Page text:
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Master Mason

  • VWB Gene Ulrich, District 7 representative of Free and Accepted Masons of Washington, asked me to share some of the thoughts and feelings from this blog at a District meeting.

  • I knew when I began this series of articles that it would end when I was raised to Master Mason. Formally, I am no longer an initiate.

    I also knew that I was very likely to be the only person who ever read it - that the individual blogger on an isolated website was destined for obscurity as social media obscured the Internet.

  • Why position these two aspects of our craft in opposition, you ask?

    Perhaps, it is comfortable to imagine the two as identical, but consider what happens in a Stated Communication. There we practice standard ritual, address the business of the Lodge, approve petitions and vote on new members, serve as an officer or in a station, go through the chairs, and occasionally have a meaningful discussion. And generally this happens only once a month!

    Freemasonry is about realizing personal potential, learning moral truths, becoming better men, and sometimes, husbands and fathers. We can, and in some ways must, do this outside of the Stated Communication. Remember the well-worn phrase, "Freemasonry is a system of morality, veiled in allegory and illustrated in symbols." Purposes of Freemasonry are strengthening character, improving moral and spiritual outlook and broadening mental horizons. (See http://mastermason.com/wilmettepark/intro.html.)

    It is easy to emphasize Lodge at the expense of Freemasonry.

    If all our "Masonic" time limited to "Lodge" It is easy to "do Lodge" without broadening mental horizons and improving moral and spiritual outlook. So how much time do we delegate for becoming better men who build a better world?

    It is a good question whether Lodge is a suitable vehicle for advancing Freemasonry - certainly, it is not adequate in itself. The idea of one business meeting a month benefiting the building of better men, Masons and Freemasonry is ludicrous!

    Lodge and Freemasonry are like Siamese Twins, but joined at the buttocks. They are bound together, but face in opposite directions, have different perspectives, require different skills, measure performance in different ways. Freemasonry requires more than we can give it in Lodge.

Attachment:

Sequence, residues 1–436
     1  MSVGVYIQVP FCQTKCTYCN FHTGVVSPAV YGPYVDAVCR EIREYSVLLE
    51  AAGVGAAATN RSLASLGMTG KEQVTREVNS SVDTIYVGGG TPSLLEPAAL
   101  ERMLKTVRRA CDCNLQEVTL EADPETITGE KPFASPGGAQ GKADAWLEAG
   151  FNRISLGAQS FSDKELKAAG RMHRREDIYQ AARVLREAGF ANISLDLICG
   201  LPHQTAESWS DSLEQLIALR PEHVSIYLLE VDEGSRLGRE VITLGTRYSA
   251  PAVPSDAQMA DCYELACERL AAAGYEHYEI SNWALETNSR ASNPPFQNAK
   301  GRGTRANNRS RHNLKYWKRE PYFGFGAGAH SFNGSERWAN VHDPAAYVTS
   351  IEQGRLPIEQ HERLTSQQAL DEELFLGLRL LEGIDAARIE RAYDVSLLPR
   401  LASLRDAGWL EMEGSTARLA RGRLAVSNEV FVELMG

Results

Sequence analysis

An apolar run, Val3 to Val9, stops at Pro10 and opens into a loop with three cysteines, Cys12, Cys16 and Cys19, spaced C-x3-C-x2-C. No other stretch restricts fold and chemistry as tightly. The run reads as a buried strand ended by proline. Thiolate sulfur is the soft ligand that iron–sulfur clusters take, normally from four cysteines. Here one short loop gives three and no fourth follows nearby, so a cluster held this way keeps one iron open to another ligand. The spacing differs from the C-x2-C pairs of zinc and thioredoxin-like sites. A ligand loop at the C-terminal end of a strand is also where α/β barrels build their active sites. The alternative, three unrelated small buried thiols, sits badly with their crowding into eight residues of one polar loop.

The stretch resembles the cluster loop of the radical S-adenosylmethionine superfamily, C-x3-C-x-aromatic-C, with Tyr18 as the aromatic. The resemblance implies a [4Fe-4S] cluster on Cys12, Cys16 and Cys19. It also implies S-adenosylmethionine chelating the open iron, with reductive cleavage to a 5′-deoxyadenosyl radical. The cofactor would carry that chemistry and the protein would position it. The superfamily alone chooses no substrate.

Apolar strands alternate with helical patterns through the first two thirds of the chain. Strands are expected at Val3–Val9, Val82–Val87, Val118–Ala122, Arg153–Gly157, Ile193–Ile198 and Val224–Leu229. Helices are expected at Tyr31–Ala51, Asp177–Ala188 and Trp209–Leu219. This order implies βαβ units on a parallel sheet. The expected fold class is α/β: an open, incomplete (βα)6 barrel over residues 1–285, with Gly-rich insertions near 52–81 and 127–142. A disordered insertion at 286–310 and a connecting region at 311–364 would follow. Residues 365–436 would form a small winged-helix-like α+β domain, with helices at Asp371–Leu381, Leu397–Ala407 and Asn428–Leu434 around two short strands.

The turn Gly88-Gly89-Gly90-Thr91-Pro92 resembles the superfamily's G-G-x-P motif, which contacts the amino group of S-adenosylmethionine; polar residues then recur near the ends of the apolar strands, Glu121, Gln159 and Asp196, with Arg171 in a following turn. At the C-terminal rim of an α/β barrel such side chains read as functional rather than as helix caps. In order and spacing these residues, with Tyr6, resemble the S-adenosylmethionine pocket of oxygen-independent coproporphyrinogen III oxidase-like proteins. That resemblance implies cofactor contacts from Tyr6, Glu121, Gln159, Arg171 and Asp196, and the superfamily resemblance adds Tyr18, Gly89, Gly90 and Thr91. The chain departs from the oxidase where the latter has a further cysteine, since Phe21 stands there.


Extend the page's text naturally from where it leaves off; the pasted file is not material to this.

Retaining Masons
  • This blog is written by an admittedly stubborn, opinionated and inexperienced Master Mason, who may sometimes be (unintentionally) disruptive.

    In following posts I muse about the practices of Masonry as I have observed them over three years.

    If you care to provide feedback to any post you may do so by directing a message to the Blogger's email or by clicking the Comment button at the bottom of this screen. (Note: this button is different from the Send a Message button on other pages.)

  • I was thrilled and satisfied to be raised to the sublime degree of Master Mason. The ceremony was meaningful and engrossing, and revealed the actual secrets of the craft which I had repeatedly promised not to reveal, though at those times I hadn't a clue what they really were.

    I knew the story behind the ceremony of the raising. I avoided creating expectations. However, the experience of the ceremony blew past what think I might have imagined and took me to a higher level. Thanks and congratulations to the Brothers (from all District 7 Lodges) who worked around holiday events, personal plans, and even a wedding (congratulations Corey!) to present and perform that Saturday. This raising took lots of effort.

  • Now it has been 14 months since I petitioned to be made a Mason. I have been initiated as an Entered Apprentice and passed to the second degree of Fellowcraft.

How to become a Mason Read more

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